Rape myths are false beliefs about rape that are prevalent in society and can often be perpetuated by the media (Merken & James, 2020). These myths include the idea that victims of sexual assault are to blame for the assault (Gravelin, 2019), that false accusations of rape are common (MacMillan, 2018), and that rape only occurs in certain situations, such as when the victim is drunk or wearing revealing clothing (Garza and Franklin, 2020). These myths can be harmful to victims of sexual assault, as they can lead to victim blaming, stigmatization, and a lack of belief in their experiences (Gekoski et al., 2023).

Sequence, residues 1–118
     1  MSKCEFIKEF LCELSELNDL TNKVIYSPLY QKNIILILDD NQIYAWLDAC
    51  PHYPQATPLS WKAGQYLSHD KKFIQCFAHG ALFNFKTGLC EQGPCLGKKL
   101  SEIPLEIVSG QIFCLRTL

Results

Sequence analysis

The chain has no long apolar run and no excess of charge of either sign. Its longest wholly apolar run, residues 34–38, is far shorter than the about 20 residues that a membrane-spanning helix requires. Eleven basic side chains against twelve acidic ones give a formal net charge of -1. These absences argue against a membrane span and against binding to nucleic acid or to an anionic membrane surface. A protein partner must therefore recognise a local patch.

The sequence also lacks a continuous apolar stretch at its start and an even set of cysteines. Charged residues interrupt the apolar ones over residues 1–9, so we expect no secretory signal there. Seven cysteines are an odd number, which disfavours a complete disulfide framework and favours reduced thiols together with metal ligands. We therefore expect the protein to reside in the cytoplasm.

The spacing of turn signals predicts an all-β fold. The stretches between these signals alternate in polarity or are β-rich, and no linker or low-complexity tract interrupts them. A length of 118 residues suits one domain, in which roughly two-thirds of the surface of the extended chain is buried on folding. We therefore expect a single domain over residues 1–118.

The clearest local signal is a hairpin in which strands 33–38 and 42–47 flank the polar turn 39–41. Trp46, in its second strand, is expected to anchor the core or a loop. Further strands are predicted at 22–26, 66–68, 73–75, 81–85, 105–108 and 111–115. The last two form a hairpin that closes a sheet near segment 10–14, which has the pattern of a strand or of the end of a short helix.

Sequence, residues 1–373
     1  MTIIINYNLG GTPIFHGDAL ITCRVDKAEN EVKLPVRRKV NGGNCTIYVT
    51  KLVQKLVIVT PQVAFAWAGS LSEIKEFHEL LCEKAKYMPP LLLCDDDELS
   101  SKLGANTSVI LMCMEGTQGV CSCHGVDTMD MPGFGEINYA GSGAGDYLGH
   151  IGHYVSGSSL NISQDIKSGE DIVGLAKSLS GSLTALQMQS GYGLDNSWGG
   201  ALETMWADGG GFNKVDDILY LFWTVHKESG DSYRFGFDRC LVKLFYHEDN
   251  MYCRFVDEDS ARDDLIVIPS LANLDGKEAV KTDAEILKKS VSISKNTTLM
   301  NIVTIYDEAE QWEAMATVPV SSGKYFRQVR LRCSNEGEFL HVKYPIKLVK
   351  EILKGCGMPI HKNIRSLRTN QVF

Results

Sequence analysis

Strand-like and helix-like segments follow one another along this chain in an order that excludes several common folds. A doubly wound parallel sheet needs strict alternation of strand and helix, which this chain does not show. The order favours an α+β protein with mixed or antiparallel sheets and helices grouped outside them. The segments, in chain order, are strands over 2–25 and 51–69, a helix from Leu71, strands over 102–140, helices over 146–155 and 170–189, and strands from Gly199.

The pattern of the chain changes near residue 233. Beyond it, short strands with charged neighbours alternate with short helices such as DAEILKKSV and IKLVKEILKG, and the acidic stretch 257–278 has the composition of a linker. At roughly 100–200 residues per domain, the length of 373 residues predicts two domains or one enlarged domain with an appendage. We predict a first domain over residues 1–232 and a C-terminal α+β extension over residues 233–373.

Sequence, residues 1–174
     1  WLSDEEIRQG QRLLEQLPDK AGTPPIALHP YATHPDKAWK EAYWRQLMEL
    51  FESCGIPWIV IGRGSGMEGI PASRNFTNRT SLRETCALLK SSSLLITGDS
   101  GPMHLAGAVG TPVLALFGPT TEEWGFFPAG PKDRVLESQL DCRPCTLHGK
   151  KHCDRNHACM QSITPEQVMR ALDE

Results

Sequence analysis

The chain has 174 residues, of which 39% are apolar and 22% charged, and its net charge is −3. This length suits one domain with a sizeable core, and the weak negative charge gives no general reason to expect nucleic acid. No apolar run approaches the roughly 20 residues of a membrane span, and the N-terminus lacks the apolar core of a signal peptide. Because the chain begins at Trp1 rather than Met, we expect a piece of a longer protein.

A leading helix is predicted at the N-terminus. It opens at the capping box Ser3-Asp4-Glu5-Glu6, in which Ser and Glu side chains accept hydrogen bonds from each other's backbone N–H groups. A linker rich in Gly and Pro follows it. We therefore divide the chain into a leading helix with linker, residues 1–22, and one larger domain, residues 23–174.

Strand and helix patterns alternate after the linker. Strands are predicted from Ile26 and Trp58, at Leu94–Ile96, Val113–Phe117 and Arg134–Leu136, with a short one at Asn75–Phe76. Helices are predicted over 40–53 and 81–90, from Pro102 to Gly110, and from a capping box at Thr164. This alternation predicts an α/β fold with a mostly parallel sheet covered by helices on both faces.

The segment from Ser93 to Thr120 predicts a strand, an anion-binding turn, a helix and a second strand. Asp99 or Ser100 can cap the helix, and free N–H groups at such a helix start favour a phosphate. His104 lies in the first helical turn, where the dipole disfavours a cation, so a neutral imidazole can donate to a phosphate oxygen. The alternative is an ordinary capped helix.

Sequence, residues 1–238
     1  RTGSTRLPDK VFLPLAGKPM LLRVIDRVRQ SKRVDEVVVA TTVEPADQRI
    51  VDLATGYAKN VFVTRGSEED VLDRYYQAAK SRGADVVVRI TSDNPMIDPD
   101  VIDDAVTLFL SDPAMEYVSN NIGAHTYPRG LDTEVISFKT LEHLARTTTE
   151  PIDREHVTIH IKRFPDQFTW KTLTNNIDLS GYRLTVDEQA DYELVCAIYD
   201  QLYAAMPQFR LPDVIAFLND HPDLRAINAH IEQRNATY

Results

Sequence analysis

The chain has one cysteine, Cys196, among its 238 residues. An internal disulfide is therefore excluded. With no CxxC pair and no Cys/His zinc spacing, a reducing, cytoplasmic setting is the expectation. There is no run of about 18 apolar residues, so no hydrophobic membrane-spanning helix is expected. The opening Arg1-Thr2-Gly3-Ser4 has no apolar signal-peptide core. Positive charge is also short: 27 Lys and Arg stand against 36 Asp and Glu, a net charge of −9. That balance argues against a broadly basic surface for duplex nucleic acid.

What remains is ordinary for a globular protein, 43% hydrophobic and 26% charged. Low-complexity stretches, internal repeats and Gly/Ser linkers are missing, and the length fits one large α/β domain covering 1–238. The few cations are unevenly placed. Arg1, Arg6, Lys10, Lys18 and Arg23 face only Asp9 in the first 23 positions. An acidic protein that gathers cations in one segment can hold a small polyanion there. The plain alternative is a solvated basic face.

By removing jurors from the decision-making process, it may be possible to reduce the impact of these biases and to provide a more objective assessment of the facts of the case. For example, presiding Judges possess a clear understanding of important legal concepts such as corroboration and the appropriate use of the not proven verdict – admittedly a moot point once abolished from the Scottish legal process – and interpreting expert witness testimony (Smith v Lees, 1997, JC 73). Furthermore, Judge only trials would be in the unique position of providing complainants with a justification of how they arrived at their decision, a facet currently unavailable to those affected (Scottish Government, 2021). However, it must not be assumed that legal professional and indeed judges are unaffected and free from by rape myths bias (Curley and Munro, 2023). Indeed, it could be contended that the criminal justice process during trial itself perpetuates rape myths, given the adversarial nature of the proceedings and the trial structure (Cowan, 2021). In order to sway juries, the adversarial process encourages lawyers to use psychological shorthand of rape mythology and set complainants directly against defendants. Thus, the burden of proof lies with the complainant whereby their testimony may be distorted and prohibited by defence counsel (Russell, 2017).